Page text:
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MarisolEnPlayas

Nov 30, 2002, 10:58 AM

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What brought you to live in Mexico

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What was the overwhelming reason you decided to move to and live in Mexico? Was it financial gain? Was it a yearning for something different? Was it the sun? The people? Political views? A "laid back" lifestyle?

Also, have you lived in any other countries besides your own country of citizenship? Do you know any people that have changed their citizenship to Mexican from the citizenship of their birth?

Do you travel from Mexico to other countries to "get away," for vacation? Or do you simply go home for vacation?

My father once told me that moving and learning about new places helps one provide meaning to their own place. When my father finally achieved some successes in his life, my family traveled to other places and I remember seeing things in so many countries that provided me with a sense of deja vu, and I didn't understand why, because I was aware that it was "foreign" to me. Oddly enough, even living in Jamaica was not foreign to me, nor Europe, nor anywhere else I've lived. I think that experiencing the world provides you with a sense of comfort no matter where you live if you approach the country without expectations and find a way to blend.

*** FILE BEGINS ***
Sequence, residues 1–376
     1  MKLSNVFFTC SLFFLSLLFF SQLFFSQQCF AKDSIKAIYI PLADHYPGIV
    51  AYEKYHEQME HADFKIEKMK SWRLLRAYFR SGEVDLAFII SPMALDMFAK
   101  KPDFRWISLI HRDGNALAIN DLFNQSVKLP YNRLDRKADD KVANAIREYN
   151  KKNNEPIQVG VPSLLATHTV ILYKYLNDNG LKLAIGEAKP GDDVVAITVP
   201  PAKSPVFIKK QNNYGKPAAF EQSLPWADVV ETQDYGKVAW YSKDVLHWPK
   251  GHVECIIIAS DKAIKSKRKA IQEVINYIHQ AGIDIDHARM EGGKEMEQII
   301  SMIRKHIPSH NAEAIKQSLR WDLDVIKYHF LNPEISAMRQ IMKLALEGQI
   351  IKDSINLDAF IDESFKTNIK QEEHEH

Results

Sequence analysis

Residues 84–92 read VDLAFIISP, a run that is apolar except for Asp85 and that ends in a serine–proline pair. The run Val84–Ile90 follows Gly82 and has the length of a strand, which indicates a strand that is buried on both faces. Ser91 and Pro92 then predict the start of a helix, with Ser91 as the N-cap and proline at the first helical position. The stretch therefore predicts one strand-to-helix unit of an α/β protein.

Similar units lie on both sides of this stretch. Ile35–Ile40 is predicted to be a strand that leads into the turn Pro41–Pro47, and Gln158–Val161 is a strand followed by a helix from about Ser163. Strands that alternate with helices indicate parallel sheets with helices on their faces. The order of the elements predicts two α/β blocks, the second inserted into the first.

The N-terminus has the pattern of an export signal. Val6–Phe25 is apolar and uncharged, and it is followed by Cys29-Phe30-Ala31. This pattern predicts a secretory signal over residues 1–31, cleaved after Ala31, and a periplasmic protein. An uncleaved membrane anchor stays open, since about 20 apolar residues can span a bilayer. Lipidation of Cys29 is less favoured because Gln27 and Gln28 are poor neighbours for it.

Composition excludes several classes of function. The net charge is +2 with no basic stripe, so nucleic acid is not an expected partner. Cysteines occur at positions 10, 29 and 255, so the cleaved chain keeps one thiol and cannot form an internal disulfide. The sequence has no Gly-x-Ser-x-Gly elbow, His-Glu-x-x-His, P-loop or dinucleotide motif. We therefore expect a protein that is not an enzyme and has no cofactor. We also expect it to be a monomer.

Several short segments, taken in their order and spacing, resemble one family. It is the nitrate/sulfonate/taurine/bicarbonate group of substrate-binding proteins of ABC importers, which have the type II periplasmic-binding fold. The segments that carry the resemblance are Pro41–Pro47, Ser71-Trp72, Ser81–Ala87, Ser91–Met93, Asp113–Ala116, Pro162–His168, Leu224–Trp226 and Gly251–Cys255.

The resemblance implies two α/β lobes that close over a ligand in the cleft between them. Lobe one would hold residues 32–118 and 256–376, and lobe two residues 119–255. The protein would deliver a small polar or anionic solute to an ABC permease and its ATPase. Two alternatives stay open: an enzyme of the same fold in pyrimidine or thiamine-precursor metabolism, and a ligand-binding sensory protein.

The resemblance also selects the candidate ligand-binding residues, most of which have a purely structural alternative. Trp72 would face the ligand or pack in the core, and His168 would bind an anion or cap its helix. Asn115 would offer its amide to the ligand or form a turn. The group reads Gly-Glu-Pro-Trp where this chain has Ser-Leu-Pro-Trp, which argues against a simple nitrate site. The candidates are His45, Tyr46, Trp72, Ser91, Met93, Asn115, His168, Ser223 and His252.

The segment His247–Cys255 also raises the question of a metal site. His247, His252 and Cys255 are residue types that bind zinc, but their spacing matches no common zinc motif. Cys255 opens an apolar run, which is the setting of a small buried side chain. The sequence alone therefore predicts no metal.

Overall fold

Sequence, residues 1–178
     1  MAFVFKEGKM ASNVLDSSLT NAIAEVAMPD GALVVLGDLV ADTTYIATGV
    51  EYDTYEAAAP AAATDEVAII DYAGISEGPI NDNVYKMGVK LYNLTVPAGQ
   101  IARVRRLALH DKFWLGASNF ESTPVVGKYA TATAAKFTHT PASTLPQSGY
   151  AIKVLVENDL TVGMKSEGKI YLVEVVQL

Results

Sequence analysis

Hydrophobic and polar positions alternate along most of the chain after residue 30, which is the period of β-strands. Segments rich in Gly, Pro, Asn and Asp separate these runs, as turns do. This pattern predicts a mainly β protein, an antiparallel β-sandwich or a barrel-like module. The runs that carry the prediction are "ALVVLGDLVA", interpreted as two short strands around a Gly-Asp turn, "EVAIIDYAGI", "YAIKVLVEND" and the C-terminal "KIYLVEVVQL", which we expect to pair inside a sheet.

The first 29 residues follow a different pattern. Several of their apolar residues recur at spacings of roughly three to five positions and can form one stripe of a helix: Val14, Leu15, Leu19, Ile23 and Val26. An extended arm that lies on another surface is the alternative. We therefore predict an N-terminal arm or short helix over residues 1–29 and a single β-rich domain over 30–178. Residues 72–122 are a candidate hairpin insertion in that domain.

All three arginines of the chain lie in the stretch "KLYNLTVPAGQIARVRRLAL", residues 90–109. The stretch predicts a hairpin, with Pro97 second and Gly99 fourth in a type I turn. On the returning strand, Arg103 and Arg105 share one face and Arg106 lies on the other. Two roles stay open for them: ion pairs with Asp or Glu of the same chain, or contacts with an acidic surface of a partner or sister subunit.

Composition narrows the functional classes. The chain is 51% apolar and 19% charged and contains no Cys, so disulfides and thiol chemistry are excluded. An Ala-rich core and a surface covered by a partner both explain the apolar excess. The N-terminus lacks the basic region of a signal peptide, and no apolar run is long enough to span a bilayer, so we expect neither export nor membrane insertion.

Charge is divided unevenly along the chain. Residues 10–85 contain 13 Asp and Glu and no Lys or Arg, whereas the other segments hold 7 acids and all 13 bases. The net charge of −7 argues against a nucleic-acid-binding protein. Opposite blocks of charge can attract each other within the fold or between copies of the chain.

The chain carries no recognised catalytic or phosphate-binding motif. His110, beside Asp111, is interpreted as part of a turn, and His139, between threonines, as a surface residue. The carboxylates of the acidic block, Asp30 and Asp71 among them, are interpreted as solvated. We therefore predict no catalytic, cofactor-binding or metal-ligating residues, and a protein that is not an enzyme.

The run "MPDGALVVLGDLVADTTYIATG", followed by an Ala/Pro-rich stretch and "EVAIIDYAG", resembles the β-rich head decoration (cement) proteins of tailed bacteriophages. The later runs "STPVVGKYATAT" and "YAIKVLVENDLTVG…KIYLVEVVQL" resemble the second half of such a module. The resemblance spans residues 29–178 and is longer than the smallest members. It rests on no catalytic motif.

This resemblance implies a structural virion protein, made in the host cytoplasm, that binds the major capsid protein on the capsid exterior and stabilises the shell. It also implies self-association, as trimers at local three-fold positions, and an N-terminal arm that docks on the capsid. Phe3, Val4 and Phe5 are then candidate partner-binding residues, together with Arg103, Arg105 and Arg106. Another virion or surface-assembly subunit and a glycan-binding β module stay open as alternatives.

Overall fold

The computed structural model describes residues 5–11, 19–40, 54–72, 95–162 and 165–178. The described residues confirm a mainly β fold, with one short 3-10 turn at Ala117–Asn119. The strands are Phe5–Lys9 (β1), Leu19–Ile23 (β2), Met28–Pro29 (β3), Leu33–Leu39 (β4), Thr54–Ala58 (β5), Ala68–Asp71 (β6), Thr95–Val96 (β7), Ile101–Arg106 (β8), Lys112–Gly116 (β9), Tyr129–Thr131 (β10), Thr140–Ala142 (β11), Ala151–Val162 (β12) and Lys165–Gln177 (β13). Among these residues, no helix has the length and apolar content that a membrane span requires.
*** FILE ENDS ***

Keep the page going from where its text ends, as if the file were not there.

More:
What I love about Mexico, is that it reminds me of "old Americana," when children used to play in the streets-games like "hide and go seek" or "kick the can," when children had the opportunity to be just that, CHILDREN. In San Francisco, some of the "sophistication" of the city, seemed to erase that option for children and that saddened me.



Paul Rodriguez

Nov 30, 2002, 6:18 PM

Post #2 of 25 (4965 views)

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Re: [MarisolEnPlayas] What brought you to live in Mexico

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My reason for moving to Mexico is multifaceted: yet, basically, I am tired by the change that has come over the United States. We seem politically to be moving to a more democratic form of government - sometimes it seems like mob rule. I discern a very fascist trend both on the left and on the right.